From 0 To Sass

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1460 words.Average read time: 7 minutes.

If you’re a Front-End Developer you may have already heard about Pre-Processors such as Sass, LESS or Stylus. It’s fair to say that they’re all good and which one you use is up to you or your team. I prefer Sass with the SCSS Syntax (= keeps semicolons and brackets).

Even though Pre-Processors are easy to use and setup some people are still confused: Do I have to run them on a server? How do I install them? Why should I use them? - I want to answer all these questions in this article: Getting from 0 to Sass in X Steps!

Notice: This guide covers the installation on Linux and Mac only, for Windows support please take a look at this tutorial.

Sass summary

Sass was build by Hampton Catlin and Nathan Weizenbaum. Since late 2008 Chris Eppstein is also on board, he’s also the creator of Compass which is a CSS3 Framework for Sass (I’ll cover Compass and other Frameworks for Sass later).

Sass enables you to use Variables, Functions and Mixins inside your CSS. This comes very handy because a stylesheet gets amazingly maintainable with variables and mixins.

Before we start I want you to notice something important about Sass: Sass runs on ruby so you have to install Ruby if it’s not (Yeah Windows, I’m looking in your direction!) - on Mac and Linux Ruby should be installed. All code blocks starting with $ need to be inputed into a Terminal (without the $!). On OS X and Linux you may need to put a sudo command before every command prompt.

Simply check your ruby version by typing the following

$ ruby --version
ruby 1.9.3p194 (2012-04-20 revision 35410) [i686-linux]

Installation

You’ve maybe tried to install Sass previously and maybe it is still installed.

# checking the installed Sass Version
$ sass --version
# If up to date the output (as of today, 10/2/13) is
Sass 3.2.9 (Media Mark)

If you get an error such as “command not found” Sass is not installed, so we start from 0.

$ gem install sass

Your Terminal will now show you the download and install process for Sass, depending on your internet connection this may take a while. After things are finished we’ll skip the step of testing Sass directly or using it on its own - trust me here, it’s way better to install Compass first.

Compass

Compass is a Framework for Sass that comes with a ton of build in Mixins and Functions that you’ll love. I’m using compass for every project - no matter if small or large.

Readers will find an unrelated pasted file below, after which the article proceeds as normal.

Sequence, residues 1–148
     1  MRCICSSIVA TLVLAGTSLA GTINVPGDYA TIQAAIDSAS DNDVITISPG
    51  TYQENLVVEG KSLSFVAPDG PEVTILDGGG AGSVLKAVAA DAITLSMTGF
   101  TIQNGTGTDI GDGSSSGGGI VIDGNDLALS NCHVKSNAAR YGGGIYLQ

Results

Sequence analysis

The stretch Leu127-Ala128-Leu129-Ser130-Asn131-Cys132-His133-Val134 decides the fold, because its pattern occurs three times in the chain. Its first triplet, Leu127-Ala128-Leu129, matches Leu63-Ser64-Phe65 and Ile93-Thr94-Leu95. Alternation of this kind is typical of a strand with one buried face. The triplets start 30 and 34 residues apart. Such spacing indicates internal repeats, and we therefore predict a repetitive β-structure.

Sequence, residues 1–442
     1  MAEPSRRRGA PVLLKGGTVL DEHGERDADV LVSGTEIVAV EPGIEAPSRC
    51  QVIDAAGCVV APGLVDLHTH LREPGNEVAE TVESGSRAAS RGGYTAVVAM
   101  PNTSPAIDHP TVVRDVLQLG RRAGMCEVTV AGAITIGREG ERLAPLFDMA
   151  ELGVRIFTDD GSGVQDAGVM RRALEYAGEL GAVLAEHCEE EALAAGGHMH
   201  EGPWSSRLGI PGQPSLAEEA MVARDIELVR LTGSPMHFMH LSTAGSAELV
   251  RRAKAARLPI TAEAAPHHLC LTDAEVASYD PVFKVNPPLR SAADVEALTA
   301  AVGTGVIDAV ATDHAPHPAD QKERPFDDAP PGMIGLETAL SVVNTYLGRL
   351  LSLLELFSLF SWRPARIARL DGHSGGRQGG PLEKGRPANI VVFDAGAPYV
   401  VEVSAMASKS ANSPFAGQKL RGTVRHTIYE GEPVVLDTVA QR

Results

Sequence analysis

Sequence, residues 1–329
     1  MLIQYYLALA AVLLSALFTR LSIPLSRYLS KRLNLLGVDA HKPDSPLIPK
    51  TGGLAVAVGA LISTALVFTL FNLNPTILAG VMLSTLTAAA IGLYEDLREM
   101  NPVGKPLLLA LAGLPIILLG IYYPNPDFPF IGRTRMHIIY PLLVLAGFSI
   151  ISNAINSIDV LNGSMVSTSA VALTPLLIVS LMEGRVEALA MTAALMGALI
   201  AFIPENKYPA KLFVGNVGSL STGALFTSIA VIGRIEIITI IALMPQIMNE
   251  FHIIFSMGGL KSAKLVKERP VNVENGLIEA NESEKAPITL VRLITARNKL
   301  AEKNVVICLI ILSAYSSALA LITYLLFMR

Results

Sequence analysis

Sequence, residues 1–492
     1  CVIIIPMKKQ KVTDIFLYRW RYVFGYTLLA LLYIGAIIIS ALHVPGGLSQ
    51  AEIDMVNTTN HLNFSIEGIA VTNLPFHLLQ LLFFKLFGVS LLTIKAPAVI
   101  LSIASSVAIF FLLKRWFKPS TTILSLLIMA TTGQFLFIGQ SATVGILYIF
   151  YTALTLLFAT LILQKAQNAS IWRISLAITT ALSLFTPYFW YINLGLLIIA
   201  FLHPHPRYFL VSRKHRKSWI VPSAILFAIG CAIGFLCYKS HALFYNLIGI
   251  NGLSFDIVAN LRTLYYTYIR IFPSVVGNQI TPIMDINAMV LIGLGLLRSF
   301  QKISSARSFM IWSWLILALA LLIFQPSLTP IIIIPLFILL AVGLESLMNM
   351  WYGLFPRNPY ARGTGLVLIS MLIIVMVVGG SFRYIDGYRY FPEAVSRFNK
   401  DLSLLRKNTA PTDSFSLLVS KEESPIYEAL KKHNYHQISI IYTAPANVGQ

# updating the system first so everything is running correctly
$ gem update system
$ gem install compass

After compass is installed simply head over to your Local Web Direction (in my case this is var/www/) and run

$ compass create myproject

It doesn’t matter what you call myproject - I’ve only used this command once in my life. Anyway this will create a config.rb file that you should open next.

The config.rb is well commented, below you can see my file (just in case you don’t edit the wrong file by accident)

# Require any additional compass plugins here.

# Set this to the root of your project when deployed:
http_path = "/"
css_dir = "assets/css"
sass_dir = "assets/css"
images_dir = "assets/img"
javascripts_dir = "assets/js"

# You can select your preferred output style here (can be overridden via the command line):
# output_style = :expanded or :nested or :compact or :compressed

# To enable relative paths to assets via compass helper functions. Uncomment:
# relative_assets = true

# To disable debugging comments that display the original location of your selectors. Uncomment:
# line_comments = false


# If you prefer the indented syntax, you might want to regenerate this
# project again passing --syntax sass, or you can uncomment this:
# preferred_syntax = :sass
# and then run:
# sass-convert -R --from scss --to sass sass scss && rm -rf sass && mv scss sass

I changed the path (css_dir,sass_dir,…) so that they match my standard folder setup for projects.I do also always compress my files by changing the output_style to :compressed.

# You can select your preferred output style here (can be overridden via the command line):
output_style = :compressed

The config.rb is essential for running Compass. You have to Copy and Paste it into every root direction of your project. See and example below:

# lets say this is the folder var/www/my-new-project
# this is the root of your project where your config.rb